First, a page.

Pet Reptiles and Amphibians
Reptiles, Amphibians, and Salmonella
Did you know that reptiles and amphibians like turtles, lizards, and frogs can carry a harmful germ called Salmonella? If there are young children in your home, reptiles and amphibians might not be safe pets for your family.
Hundreds of people have become ill in several ongoing, nationwide Salmonella outbreaks linked to small turtles. Most victims are children under 5 years old. CDC warns parents [PDF - 341KB] to keep small turtles and other reptiles away from young children.
Reptiles and amphibians are popular pets with many families. Turtles, frogs, iguanas, snakes, geckos, horned toads, salamanders, and chameleons are colorful, quiet, and often kept as pets. Reptiles and amphibians frequently carry a germ called Salmonella that can cause serious illness in people. Although many people think that Salmonella infections are caused only by contaminated food, these germs can also be caught by handling animals, including reptiles or amphibians. Salmonella infections can also result from having contact with reptile or amphibian environments, including the water from containers or aquariums where they live.
How do people get Salmonella infections from reptiles and amphibians?
Reptiles and amphibians might have Salmonella germs on their bodies even when they appear healthy and clean. The germs can also get on cages, aquariums, terrariums, the water reptiles and amphibians live or swim in, and other containers that house them. Anything that reptiles and amphibians touch should be considered possibly contaminated with Salmonella. When you touch reptiles and amphibians, the germs can get on your hands or clothing. It is important to wash your hands immediately after touching animals, or anything in the area where they live and roam, including water from containers or aquariums, because the germs on your hands can easily spread to other people or things.
How do I reduce the risk of Salmonella infection from reptiles and amphibians?
Wash your hands thoroughly with soap and warm water immediately after touching a reptile or amphibian, or anything in the area where they live and roam. Use hand sanitizer if soap and water are not readily available.
Adults should always supervise hand washing for young children.
Don't let children younger than 5 years of age, older adults, or people with weak immune systems handle or touch amphibians or reptiles, or anything in the area where they live and roam, including water from containers or aquariums.
Don't touch your mouth after handling reptiles or amphibians and do not eat or drink around these animals.
Don't let reptiles or amphibians roam freely throughout the house or in areas where food or drink is prepared, served, or stored, such as kitchens, pantries, or outdoor patios.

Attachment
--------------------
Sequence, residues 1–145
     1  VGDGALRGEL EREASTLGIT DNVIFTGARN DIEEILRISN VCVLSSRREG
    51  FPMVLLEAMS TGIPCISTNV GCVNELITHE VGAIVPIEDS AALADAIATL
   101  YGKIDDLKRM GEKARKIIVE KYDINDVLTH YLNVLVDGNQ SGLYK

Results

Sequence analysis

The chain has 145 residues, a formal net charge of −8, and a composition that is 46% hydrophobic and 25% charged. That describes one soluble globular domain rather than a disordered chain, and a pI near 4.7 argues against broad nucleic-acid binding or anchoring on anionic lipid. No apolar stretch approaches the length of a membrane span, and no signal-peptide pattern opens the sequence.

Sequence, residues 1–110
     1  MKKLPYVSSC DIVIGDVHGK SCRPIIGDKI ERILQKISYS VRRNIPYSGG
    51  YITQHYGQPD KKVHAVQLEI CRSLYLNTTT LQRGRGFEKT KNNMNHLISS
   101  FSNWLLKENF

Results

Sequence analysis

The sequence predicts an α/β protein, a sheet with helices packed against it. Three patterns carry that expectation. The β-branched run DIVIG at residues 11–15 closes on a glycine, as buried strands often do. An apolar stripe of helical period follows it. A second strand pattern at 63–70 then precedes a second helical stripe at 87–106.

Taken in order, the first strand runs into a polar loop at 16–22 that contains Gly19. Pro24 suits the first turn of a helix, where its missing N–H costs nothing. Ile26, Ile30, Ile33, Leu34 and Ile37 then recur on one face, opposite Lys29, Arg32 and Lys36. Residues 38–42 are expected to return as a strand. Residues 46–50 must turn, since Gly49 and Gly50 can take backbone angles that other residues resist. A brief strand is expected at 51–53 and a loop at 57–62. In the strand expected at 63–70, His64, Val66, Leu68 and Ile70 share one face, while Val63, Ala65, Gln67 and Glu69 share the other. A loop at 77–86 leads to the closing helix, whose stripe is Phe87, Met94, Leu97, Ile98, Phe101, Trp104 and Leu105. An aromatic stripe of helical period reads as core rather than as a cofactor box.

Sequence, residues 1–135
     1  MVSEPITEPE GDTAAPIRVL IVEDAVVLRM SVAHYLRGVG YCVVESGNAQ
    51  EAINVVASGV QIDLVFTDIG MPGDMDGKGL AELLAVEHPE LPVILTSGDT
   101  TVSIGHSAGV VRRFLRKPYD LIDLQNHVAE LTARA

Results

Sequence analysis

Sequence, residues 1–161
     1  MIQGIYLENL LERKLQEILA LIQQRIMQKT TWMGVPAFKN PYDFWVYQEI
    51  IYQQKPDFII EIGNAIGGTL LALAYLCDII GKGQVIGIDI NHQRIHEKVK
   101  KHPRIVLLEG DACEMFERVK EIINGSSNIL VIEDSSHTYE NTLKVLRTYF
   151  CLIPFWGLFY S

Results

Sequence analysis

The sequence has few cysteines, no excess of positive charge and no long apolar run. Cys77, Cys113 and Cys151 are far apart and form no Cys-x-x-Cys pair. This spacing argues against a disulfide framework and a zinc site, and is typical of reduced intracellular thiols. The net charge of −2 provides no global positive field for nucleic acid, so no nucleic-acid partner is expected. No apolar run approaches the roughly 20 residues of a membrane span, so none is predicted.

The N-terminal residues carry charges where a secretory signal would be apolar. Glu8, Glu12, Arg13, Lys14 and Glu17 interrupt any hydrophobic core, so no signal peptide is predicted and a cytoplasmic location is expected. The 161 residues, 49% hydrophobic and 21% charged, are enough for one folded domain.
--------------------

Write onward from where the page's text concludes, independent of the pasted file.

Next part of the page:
Don't bathe animals or clean their habitats in your kitchen sink, bathroom sink, or bathtub. To prevent cross-contamination, animals should be bathed in a small plastic tub or bin that is dedicated for animal use only.
If bathtubs must be used for these purposes, they should be thoroughly cleaned afterward. Use bleach to disinfect a sink, bathtub, or other place where reptile or amphibian habitats are cleaned.
Who is especially at risk for getting sick?
Young children are at increased risk for Salmonella infection because their immune systems are still developing and because they are more likely than others to put their fingers or other items into their mouths. Therefore, families with children aged 5 years or younger in the home should avoid keeping reptiles or amphibians as pets.
What are the signs, symptoms, and types of treatment available for Salmonella infections?
Salmonella can make people sick with
Diarrhea (which may be bloody)
Sometimes, people can become so sick from a Salmonella infection that they have to go to the hospital. Infants, elderly persons, and those with weakened immune systems are more likely than others to develop severe illness. When severe infection occurs, Salmonella may spread from the intestines to the bloodstream and then to other body sites and can cause death unless the person is treated promptly with antibiotics.
You can learn more about the signs, symptoms, and treatment of Salmonella infection by visiting the CDC's Salmonella website. If you suspect you or your child has Salmonella infection, please contact your health care provider immediately.
Are there any restrictions about owning amphibians or reptiles?
Since 1975, it has been illegal in the United States to sell or distribute turtles with shells that measure less than 4 inches in length. This size was chosen because small children are more likely to treat smaller turtles as toys and put them in their mouths. This ban prohibiting the sale of small turtles likely remains the most effective public health action to prevent turtle-associated salmonellosis.